Under The Hood Of ESG ETFs
As noted above, two of the top reasons for offering ESG options were improving returns and managing risk. So have ESG portfolios actually succeeded in this?
For the following analysis, I'll concentrate on the two largest ETFs from the list above, which are also the broadest in terms of underlying investments/index as well as having a significantly longer track record than the other ETFs listed.
Both the iShares MSCI KLD 400 Social ETF (DSI | B-92) and the iShares MSCI USA ESG Select ETF (KLD | B-88) start with similar base indexes. DSI is based on the MSCI USA IMI Index and KLD is organized around the MSCI USA Index.
While similar in certain ways, a main difference in the two ETFs is that DSI looks to be more exclusionary than KLD. While both exclude tobacco companies, DSI also excludes nuclear power, tobacco, alcohol, gambling, military weapons, civilian firearms, GMOs and adult entertainment.
In addition, KLD looks to maximize the exposure to companies with high ESG scores while maintaining similar risk/return characteristics to the base index, and DSI excludes companies with insufficient ESG and Impact scores.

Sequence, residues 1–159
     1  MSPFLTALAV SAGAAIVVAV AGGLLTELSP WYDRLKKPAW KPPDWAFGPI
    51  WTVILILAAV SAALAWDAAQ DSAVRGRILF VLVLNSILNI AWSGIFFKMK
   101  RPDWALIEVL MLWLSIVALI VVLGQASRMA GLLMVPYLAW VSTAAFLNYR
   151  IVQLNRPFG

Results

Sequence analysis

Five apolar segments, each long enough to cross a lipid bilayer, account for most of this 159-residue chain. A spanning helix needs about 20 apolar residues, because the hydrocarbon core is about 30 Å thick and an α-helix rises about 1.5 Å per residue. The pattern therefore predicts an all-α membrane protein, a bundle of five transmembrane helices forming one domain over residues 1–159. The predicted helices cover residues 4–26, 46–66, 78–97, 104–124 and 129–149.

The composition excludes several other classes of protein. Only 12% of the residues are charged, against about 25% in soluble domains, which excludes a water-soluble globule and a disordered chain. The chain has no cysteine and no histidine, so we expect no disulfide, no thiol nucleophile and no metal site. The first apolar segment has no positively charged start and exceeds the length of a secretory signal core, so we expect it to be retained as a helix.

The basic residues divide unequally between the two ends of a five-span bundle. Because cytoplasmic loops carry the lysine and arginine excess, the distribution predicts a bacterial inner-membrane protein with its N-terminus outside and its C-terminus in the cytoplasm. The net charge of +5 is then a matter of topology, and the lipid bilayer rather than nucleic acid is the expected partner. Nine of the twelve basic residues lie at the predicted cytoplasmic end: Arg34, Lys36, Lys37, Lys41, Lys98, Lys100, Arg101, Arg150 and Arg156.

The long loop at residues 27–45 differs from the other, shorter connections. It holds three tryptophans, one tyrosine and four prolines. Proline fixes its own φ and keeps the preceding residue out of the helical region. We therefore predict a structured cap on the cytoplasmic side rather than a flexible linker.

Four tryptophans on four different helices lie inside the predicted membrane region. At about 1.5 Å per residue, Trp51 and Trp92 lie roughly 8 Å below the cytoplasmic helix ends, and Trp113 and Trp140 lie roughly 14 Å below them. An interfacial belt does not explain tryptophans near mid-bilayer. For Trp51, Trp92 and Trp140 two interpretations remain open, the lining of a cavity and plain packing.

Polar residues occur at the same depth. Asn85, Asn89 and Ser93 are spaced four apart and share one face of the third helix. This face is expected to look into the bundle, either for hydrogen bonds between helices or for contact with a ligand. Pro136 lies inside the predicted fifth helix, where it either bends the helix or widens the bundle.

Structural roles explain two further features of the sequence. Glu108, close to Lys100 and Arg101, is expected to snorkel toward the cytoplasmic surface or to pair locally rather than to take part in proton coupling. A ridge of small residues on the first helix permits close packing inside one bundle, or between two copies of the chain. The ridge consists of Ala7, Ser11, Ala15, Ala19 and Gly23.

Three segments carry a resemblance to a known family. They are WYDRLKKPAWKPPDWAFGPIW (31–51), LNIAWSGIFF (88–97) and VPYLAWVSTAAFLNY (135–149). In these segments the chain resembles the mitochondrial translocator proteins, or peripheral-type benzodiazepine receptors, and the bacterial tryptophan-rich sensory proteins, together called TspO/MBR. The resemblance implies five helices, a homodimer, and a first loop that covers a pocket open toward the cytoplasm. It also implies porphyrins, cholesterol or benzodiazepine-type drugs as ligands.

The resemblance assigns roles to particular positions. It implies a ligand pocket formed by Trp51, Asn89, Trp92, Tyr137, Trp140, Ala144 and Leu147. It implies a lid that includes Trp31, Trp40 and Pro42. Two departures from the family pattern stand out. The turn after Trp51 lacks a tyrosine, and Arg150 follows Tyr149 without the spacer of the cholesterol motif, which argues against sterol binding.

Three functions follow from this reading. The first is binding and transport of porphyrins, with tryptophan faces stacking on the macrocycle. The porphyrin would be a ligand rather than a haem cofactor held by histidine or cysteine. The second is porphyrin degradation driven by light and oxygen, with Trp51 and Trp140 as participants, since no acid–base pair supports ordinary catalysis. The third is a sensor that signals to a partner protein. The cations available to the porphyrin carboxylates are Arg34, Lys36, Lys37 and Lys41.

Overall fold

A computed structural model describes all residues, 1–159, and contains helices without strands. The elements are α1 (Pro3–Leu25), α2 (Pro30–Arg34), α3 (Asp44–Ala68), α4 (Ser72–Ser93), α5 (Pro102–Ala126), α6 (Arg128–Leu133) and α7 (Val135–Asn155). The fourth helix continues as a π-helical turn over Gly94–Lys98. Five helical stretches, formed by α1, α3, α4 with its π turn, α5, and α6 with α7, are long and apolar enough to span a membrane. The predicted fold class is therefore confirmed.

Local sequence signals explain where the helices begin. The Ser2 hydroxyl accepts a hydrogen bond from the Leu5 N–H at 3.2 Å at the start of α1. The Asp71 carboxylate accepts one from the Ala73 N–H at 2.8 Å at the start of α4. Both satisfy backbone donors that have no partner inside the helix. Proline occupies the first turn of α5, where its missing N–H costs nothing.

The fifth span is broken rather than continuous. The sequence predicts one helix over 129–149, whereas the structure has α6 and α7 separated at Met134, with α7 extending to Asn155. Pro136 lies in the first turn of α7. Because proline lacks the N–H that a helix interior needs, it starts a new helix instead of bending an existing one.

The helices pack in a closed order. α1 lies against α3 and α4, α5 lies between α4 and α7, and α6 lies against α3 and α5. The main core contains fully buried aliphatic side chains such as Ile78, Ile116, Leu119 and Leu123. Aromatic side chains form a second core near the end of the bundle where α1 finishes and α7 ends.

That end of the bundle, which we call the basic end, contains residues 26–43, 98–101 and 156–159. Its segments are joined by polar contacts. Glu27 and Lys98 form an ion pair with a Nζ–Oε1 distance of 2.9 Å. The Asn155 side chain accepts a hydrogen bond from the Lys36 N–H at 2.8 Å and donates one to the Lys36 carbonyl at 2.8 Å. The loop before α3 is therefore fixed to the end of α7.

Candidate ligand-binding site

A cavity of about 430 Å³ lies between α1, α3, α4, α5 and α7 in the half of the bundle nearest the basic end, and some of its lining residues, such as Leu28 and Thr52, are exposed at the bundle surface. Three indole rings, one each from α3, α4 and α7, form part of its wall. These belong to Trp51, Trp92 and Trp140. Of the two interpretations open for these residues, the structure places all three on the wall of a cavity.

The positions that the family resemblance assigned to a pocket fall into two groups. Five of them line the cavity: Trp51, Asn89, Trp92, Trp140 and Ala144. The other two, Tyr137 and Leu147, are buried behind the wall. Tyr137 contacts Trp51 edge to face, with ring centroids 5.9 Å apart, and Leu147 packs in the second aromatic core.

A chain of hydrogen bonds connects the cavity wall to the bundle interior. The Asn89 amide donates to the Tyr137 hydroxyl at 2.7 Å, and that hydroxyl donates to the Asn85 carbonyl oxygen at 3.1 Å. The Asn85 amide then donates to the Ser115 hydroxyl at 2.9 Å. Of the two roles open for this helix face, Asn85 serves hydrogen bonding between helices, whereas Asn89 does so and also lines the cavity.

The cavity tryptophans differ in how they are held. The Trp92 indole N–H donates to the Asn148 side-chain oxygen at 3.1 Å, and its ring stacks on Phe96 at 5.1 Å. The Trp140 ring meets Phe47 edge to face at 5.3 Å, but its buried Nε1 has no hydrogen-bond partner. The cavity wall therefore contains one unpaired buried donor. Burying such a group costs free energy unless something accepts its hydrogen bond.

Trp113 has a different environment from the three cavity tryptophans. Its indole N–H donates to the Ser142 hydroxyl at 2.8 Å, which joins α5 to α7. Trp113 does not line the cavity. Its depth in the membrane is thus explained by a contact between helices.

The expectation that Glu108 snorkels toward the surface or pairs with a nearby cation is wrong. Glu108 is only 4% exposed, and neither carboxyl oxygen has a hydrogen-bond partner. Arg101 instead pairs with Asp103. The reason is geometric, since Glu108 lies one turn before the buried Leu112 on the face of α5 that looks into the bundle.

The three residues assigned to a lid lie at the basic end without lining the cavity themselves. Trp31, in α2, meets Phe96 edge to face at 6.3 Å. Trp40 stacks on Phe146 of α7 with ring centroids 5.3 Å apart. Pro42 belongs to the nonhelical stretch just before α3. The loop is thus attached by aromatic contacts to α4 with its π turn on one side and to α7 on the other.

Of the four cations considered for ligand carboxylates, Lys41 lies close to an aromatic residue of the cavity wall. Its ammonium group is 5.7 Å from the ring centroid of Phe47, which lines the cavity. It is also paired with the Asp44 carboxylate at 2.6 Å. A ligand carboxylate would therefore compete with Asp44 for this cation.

Looking At ESG Scores
These ESG scores are based on a proprietary MSCI methodology. Similar ESG scoring can be obtained through Bloomberg via Sustainalytics rankings, which assign companies an overall score as well as separate social, governance and environmental ranks.
To simplify, KLD looks to be more like other smart-beta offerings in that it uses ESG considerations as the driving factor to differentiate it from the "regular" beta index. On the other hand, DSI is much more in the active-type camp, and only uses the base index as a starting point for its security selection/exclusionary process.
Starting with KLD, the table below shows the return and standard deviation (monthly data) since its inception at the end of January 2005 through May. Those are the first two rows of the table below, and the third row is a snapshot of the fund’s performance from peak-to-trough going into the financial crisis.
|10/9/07 - 3/9/09||-53.93%||-55.36%|
After taking into account the annual expense ratio of 50 basis points, or $50,000 for each $10,000 invested, KLD is very close to the characteristics of the base index. Additionally, it provided a minimal amount of increased downside protection during the last bear market. Therefore, at a quick glance, even if muted, KLD did provide some risk/return benefits.
Next, I will look at the same analysis for DSI versus its base benchmark from inception at end of November 2006 through May. Those are the first two rows of the table below, and the third row is a snapshot of the fund’s performance from peak-to-trough going into the financial crisis.